Imagine you are doing maintenance on an application from the late 90’s that uses the classic ADO libraries. The recompiled code works fine on any Windows 7 SP1 machine, but mysteriously crashes on the Windows XP machines that have been running the program for nearly a decade. This is the problem facing lots of maintenance developers.
A prank during TechEd caused many to believe that Visual Basic 6 would be open sourced. While it turned out to be false, it did start a lot of conversations about the language, its legacy, and an open source implementation would mean.
MED-V 2.0 is a desktop virtualization solution enabling users to run legacy applications on Windows 7. App-V 4.6 SP1 is a service pack for Application Virtualization, another solution for deploying applications within the enterprise.
It was recently announced that InfoQ is creating a new Operations community. In addition to that, another major change which has been in the works for the last few months at InfoQ is the conversion of the Java community to the Scala community. InfoQ spoke with a prominent Scala expert and members of the former InfoQ Java editorial team to learn more about this change and why it was made.
Alan Baljeu was trying to use TDD with his large, legacy C++ code base. He found that the principle of the simplest thing that could possibly work was causing him trouble with the amount of rework.
If a bug fix is shipped and no one knows about, has it been actually been fixed? The VB Power Packs were patched and shipped with VS 2008 SP 1, but only those who knew to explicitly change which DLL they referenced got the update.
Grey Lens Man, a blogger who does not decline his identity, posted an interesting piece about legacy problems plaguing the enterprise and proposes a new software stack as viable solution: JOSH, JSON OSGi Scala HTTP.
In this article, Andreas Kaltenbach explains how Model-Driven Software Development (MSDS) can help solving backward compatibility problems when creating a newer version of a software which can mean a new API or a new database schema that old clients cannot use. MSDS is used to negotiate the differences between versions to ease the upgrading process.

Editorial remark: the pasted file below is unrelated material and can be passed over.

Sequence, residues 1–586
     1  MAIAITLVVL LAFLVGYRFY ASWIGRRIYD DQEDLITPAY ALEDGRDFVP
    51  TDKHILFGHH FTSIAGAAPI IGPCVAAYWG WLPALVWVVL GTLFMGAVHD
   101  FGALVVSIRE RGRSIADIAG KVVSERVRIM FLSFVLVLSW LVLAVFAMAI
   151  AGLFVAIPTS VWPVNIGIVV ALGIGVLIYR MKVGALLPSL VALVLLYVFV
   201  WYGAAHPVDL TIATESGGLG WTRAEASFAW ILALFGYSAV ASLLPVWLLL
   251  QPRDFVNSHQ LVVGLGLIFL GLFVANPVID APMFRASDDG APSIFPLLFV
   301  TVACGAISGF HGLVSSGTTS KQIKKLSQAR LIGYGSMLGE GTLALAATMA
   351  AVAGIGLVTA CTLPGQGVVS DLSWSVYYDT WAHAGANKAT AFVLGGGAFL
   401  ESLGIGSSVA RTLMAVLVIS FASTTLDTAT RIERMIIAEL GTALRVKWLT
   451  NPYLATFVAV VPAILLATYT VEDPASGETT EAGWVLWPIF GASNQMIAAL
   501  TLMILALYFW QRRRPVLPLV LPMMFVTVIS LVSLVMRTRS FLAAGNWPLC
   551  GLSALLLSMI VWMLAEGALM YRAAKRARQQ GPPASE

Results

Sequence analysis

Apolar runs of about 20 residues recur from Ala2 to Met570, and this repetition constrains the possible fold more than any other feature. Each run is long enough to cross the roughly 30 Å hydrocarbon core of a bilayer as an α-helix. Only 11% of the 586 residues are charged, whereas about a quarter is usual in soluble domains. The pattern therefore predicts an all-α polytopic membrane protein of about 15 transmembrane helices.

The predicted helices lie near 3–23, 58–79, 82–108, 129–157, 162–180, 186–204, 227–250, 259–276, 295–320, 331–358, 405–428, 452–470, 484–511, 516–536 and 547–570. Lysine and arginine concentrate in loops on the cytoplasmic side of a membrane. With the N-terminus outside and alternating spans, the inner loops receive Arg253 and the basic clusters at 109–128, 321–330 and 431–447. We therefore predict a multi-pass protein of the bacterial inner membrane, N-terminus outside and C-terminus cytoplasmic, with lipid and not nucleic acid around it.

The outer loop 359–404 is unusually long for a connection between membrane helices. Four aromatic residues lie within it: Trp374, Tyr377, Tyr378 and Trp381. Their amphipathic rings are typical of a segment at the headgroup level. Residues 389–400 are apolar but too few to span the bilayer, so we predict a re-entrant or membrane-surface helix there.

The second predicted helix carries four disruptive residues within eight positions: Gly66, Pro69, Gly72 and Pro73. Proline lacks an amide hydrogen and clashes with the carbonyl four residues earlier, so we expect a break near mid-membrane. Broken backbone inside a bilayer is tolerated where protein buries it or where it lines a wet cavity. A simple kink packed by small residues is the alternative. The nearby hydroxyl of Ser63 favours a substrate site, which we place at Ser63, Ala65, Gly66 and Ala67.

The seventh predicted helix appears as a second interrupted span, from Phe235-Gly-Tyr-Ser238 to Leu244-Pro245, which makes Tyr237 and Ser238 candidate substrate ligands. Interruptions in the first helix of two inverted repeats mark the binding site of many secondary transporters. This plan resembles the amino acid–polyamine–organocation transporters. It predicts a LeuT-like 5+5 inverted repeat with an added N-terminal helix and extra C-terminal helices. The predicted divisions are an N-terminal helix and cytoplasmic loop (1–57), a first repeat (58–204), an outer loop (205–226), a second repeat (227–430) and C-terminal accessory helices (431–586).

It's not news that at the heart of successful software systems (and, frankly, fulfilling software careers) is good design. Also not news is that defining what "good design" really means has been at the heart of many debates, papers, talks, books, discussions, and more for ages. To help, J.B. Rainsberger and Scott Bellware offer some advice to follow until that one true definition comes along.
A Technical Debt Workshop was recently held to improve our industry's understanding of and approach to "technical debt", resulting in some interesting ideas. Among them, changing our perception of the problem to focus on "assets" rather than "debt", an idea now receiving quite a bit of attention by people such as Michael Feathers and Brian Marick.
In his latest blog post, Michael Feathers argued that object oriented programming languages offer some built-in features that facilitate testing and are therefore more recovery friendly than functional languages. Proponents of functional languages expressed strong disagreement with this statement, which provoked a very passionate debate in the blog community.
Alberto Savoia has written a series of four articles describing "characterization testing" - the process of writing unit tests to understand and work with legacy code.
One can't always start from scratch with Agile - sometimes it's used to salvage troubled projects, but Emanuel Gaillot notes that "What's tough about XP is, the more you need it to get your project in a better shape, the harder it is to start doing it." Can a team really afford to switch in the middle of a troubled project? Gaillot recently shared his approach to gradual XP implementation.
Ian Roughley shows how to use logging seams to easily create unobtrusive unit tests around legacy classes, without needing to edit class logic as well as avoiding behavior changes.